Just the two of you. A tropical beach. Sunset. While this scenario sounds romantic, Cheryl Bailie says that most couples hope all of their loved ones will join them as they wed in paradise.
Bailie is the owner of Honeymoon Consultants, a North Vancouver travel agency that specializes in destination weddings. In a phone interview with the Straight, she explains that couples choose to get married away from home for two main reasons: to simplify the planning and to reduce the Big Day budget.
She notes that many people have divorced and remarried parents and don’t want to deal with the politics of a wedding. “You get too much tug of war between the sets of parents,” she says. Or, the couple themselves may be busy, and “it’s easier to plan a destination wedding than a normal wedding.” That’s because weddings abroad tend to be smaller and more low-key, arranged by the resort’s wedding planner.
Bailie’s agency deals mostly with all-inclusive properties in Mexico and the Caribbean, part of such chains as Barceló and Sandals. She’s arranged over a thousand weddings and says the average one includes 30 to 40 guests. Couples can expect anywhere from a third to two-thirds of those invited to attend. Planning a year in advance is recommended so guests can schedule their holidays accordingly.
According to Bailie, destination weddings can be very economical. A weeklong all-inclusive package runs about $1,200 to $1,500 (plus tax) per person, which guests generally pay themselves. The couple can expect to pay $1,000 to $2,500 on top of that for the wedding ceremony and reception. By having the ceremony abroad, travel to the honeymoon location is built into the cost, although many couples opt to pay for an extra week at the all-inclusive.
As a travel agent, Bailie works on commission and doesn’t charge a wedding planner fee. She encourages couples to have their guests book directly with one travel agent who will handle the whole group, rather than booking with the resort individually online. That’s because if complications arise, such as an airline bankruptcy, those who book through a travel agent will be protected through Consumer Protection B.C. They can be rebooked, generally at no additional charge, on another airline, while online bookers are on their own. If the resort oversells its rooms, individuals may be bumped to a different property, but the group will likely be accommodated together. And a travel agent can move the group to another locale entirely if something threatens to derail the wedding, such as the 2009 Mexican swine flu outbreak, which caused many weddings to be relocated to the Caribbean.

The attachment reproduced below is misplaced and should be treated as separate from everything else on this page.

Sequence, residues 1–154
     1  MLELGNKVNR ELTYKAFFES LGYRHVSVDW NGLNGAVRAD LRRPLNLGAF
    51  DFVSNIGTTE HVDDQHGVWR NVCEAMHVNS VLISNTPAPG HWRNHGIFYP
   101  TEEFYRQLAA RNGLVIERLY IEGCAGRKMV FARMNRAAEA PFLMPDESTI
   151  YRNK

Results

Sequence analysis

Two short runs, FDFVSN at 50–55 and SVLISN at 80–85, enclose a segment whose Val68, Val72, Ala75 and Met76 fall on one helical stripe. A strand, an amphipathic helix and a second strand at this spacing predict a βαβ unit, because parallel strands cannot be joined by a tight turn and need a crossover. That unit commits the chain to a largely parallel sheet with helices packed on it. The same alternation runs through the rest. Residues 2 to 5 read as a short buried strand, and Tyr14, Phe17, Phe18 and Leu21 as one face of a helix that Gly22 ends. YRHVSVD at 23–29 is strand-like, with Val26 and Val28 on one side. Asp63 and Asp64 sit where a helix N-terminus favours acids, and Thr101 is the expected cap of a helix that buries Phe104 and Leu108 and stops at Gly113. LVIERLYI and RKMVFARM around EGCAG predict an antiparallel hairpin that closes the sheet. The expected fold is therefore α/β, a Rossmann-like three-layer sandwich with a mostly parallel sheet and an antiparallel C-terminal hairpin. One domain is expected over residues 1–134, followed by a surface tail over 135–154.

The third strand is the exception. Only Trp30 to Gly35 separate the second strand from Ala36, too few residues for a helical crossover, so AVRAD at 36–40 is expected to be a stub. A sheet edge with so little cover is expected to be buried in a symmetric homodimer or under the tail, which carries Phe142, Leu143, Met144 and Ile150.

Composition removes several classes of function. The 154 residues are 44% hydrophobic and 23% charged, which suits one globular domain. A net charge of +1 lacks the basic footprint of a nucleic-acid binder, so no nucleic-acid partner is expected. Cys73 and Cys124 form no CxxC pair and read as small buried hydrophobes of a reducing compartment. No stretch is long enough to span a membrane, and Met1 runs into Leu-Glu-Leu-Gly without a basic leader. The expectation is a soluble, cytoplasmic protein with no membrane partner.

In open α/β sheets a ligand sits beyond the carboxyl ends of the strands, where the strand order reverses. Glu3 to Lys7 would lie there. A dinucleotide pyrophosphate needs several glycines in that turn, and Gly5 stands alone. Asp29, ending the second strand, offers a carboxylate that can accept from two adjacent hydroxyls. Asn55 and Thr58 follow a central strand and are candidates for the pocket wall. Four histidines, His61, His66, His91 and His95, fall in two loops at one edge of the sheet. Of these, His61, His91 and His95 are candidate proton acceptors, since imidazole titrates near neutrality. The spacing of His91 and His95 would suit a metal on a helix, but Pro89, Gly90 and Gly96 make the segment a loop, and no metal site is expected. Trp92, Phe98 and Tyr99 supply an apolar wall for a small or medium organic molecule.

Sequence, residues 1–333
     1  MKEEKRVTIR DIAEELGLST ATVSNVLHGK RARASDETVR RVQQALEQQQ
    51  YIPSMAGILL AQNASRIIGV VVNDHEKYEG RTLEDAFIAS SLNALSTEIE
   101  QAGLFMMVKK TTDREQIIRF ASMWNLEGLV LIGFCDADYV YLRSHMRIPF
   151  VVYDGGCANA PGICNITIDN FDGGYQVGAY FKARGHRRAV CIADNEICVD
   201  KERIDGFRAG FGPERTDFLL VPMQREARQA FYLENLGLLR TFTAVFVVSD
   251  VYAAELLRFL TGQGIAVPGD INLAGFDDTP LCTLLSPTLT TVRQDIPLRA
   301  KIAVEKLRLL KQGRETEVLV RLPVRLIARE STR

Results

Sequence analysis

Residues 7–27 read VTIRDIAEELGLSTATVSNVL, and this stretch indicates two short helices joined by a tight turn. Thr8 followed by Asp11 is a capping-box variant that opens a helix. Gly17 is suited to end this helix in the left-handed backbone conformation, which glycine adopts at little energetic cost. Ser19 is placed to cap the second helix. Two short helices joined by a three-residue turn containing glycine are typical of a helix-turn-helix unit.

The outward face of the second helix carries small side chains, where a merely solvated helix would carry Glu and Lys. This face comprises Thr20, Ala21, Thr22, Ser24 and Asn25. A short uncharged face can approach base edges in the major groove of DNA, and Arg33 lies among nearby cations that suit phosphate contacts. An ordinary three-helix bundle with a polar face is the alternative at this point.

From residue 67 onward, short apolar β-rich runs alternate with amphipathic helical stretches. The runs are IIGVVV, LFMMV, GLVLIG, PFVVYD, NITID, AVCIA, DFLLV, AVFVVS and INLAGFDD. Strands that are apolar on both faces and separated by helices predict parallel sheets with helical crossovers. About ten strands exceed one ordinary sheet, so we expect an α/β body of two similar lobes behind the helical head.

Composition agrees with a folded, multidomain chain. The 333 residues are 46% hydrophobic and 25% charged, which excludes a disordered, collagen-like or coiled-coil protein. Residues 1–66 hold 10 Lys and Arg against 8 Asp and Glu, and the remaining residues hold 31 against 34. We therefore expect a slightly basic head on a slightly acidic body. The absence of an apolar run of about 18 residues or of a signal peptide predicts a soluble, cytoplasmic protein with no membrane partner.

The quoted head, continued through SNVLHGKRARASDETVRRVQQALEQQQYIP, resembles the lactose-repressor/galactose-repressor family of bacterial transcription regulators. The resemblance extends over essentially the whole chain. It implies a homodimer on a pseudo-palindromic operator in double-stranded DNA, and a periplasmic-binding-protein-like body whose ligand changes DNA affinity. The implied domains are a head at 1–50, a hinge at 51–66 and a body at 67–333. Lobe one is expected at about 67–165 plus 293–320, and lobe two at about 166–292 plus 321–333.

Susan E. Hyatt also arranges destination weddings but concentrates on the festivities. Hyatt is a Port Coquitlam–based wedding planner who calls herself “the Wedding Lady”. Couples and their guests make their own travel arrangements—staying at hotels, vacation rentals, or condos—and the couple pays a consulting fee for her to help them plan the wedding. She specializes in Maui and the Bahamas, where she grew up.
Speaking to the Straight by phone, Hyatt says she arranges everything from simple beach ceremonies to elaborate multiday extravaganzas. Lately, she’s noticed a trend toward “just the two of us” weddings. “Couples are not calling it eloping; they’re letting everyone know,” she says. They may get married somewhere exotic, and then throw a casual party back home.
Hyatt helps with the logistics, including finding the right location and ensuring the ceremony is legal. In addition to the consulting fee (the amount of which she declined to specify), a simple beachfront ceremony in Maui starts at $550, which includes the officiant, a coordinator, two orchid leis, taped music, and assistance with arranging the wedding licence.
From there, couples can customize the celebration exactly how they want it—whether or not that includes family waiting on the sidelines.
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